I just received an order for a 50th birthday cake for June of this year. They would like a "mad hatter" (believe she means topsy turvey) cake to serve 50-80 people. I have never done one of these cakes so any advice would be greatly appreciated. I am thinking it will have to be 3 layers. She is sending me a copy of the invitation for the color scheme. Would it be better in buttercream or fondant? They live in Philly (about an hour from me) and she said she would pick up the cake.........I'm thinking even if I don't charge her, would rather drive it at least half way there myself. Speaking of which, what is the going price for a cake like this (per person)?
Again, ANY advice or help you can give me will be appreciated. I think I may have to do one or two practice cakes to get the technique down (folks in my office have already volunteered to eat and critique the practice cakes)!
Hi there, have you seen thisvvideo on you tube. Its done by one of opur CC member,
Haven't attempted one myself yet but I was reading this thread and it gave a lot of helpful information.
Thank you for the information. Looks like I will have to do a few practice cakes for this one!
Is there a preferred method - buttercream or fondant - to do these?
Also, what do you charge for this type of cake? As I said before, ANY helpful hints on this would be greatly appreciated.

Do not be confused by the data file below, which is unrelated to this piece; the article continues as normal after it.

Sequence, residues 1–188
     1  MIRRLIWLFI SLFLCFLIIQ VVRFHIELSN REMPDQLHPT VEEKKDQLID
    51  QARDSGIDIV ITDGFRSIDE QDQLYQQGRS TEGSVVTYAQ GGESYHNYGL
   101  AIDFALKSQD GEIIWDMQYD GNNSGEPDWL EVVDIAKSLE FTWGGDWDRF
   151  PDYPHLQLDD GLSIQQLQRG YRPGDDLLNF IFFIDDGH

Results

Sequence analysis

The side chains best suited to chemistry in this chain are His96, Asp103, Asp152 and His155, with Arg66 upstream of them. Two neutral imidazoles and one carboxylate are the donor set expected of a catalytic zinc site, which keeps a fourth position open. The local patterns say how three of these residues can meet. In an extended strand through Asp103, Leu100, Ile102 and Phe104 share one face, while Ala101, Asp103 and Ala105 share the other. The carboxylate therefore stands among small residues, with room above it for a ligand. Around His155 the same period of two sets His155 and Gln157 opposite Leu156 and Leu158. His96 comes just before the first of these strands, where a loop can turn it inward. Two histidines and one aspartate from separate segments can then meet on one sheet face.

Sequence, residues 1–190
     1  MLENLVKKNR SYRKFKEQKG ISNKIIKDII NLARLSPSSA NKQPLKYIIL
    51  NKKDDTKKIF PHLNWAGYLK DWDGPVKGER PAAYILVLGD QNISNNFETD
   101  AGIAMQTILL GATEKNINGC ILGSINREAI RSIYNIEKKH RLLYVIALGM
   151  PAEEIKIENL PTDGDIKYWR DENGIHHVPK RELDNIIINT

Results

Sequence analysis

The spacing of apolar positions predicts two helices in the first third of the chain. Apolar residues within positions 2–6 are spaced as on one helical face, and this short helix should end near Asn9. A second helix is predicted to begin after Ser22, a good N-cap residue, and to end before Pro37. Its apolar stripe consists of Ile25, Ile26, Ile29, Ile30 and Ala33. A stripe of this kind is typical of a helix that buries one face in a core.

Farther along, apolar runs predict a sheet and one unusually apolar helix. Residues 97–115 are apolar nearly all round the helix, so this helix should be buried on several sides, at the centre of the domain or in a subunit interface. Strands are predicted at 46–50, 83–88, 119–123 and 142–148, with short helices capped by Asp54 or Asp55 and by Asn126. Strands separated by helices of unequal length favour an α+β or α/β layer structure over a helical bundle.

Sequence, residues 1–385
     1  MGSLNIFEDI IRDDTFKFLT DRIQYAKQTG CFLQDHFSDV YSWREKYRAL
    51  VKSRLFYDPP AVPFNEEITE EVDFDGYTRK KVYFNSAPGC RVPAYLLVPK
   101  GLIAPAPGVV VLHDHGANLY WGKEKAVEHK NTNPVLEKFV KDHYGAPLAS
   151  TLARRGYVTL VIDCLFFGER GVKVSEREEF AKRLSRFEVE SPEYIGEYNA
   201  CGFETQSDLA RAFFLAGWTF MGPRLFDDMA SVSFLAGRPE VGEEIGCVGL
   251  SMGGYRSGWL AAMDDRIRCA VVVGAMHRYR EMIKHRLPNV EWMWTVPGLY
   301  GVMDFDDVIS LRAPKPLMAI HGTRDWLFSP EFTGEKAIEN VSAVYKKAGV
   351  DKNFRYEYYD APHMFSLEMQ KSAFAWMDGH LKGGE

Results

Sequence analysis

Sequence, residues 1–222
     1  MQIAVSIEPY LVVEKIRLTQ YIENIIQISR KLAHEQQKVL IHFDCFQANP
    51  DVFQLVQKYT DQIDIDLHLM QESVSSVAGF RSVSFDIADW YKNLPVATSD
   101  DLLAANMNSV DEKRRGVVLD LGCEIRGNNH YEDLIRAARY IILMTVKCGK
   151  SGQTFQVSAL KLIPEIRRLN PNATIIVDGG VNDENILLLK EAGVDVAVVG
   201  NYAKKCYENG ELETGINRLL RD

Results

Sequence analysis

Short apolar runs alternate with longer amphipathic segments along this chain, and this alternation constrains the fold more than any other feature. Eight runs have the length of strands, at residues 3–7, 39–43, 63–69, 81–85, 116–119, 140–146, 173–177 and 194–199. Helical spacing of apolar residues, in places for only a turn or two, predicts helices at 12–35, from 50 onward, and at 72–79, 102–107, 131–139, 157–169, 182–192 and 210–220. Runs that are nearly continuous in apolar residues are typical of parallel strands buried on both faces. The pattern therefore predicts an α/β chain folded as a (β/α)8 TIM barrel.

The customer finally got back to me and sent a copy of the invitation for color choice. She decided on a cake for approx. 50 people. Now from all the instructions I see 3 different sizes on each level - what sizes would you use to feed 50? Can I go 3 levels?
Read, re-read, and make a hard copy of this tutorial:
Sturdy cake, as close to pound cake as you can get.
NO FILLINGS, only enough buttercream between layers to hold them together.
SPS support system pieces for the sizes that you need (I think globalsugart.com may be carrying this, now).
Charge a lot of $$ to compensate for the practice cake and any portion of delivery.
If you can't drive it the entire distance (and I would, and charge her for it--both ways), then make sure that she DOESN'T PUT IT IN THE TRUNK OR ON A SEAT, because if she does either, she WILL call you and tell you that it exploded and/or fell to pieces. It needs to be transported on a completely flat surface, in a box, with the air conditioning on.
I'd suggest, too, making at least one full sized practice cake so that you can sort out the potential problems--and there will be problems because these cakes are in no way ordinary. I'd even drive it around a bit to see how it responds.
Thank you Rae for all the advice. I did print out those instructions and, although they don't look complicated, definitely need to practice (provided she agrees to my price).
It isn't so much that it's complicated as it is fragile. I've only made one and used the hole method. Unfortunately by the next day the back of the cake was starting to rip out. Thankfully if was for family and I held it together with skewers until the party. I didn't use a pound cake (just a cake mix) so I definately recommend that or a very sturdy cake. Good luck!
I ususally doctor up the cakes and they are pretty firm. I can also use WASC as that is really firm.
What size cake rounds would you use to do a 3-part that will serve 50?